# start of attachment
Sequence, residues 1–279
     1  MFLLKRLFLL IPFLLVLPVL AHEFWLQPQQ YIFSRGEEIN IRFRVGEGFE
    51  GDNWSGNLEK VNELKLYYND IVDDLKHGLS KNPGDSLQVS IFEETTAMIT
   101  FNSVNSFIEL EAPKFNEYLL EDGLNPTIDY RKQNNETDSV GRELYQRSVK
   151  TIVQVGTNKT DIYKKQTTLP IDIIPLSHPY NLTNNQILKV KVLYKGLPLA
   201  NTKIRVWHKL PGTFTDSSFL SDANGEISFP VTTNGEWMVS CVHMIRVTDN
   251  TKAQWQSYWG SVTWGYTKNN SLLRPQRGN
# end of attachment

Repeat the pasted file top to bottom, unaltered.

Sequence, residues 1–279
     1  MFLLKRLFLL IPFLLVLPVL AHEFWLQPQQ YIFSRGEEIN IRFRVGEGFE
    51  GDNWSGNLEK VNELKLYYND IVDDLKHGLS KNPGDSLQVS IFEETTAMIT
   101  FNSVNSFIEL EAPKFNEYLL EDGLNPTIDY RKQNNETDSV GRELYQRSVK
   151  TIVQVGTNKT DIYKKQTTLP IDIIPLSHPY NLTNNQILKV KVLYKGLPLA
   201  NTKIRVWHKL PGTFTDSSFL SDANGEISFP VTTNGEWMVS CVHMIRVTDN
   251  TKAQWQSYWG SVTWGYTKNN SLLRPQRGN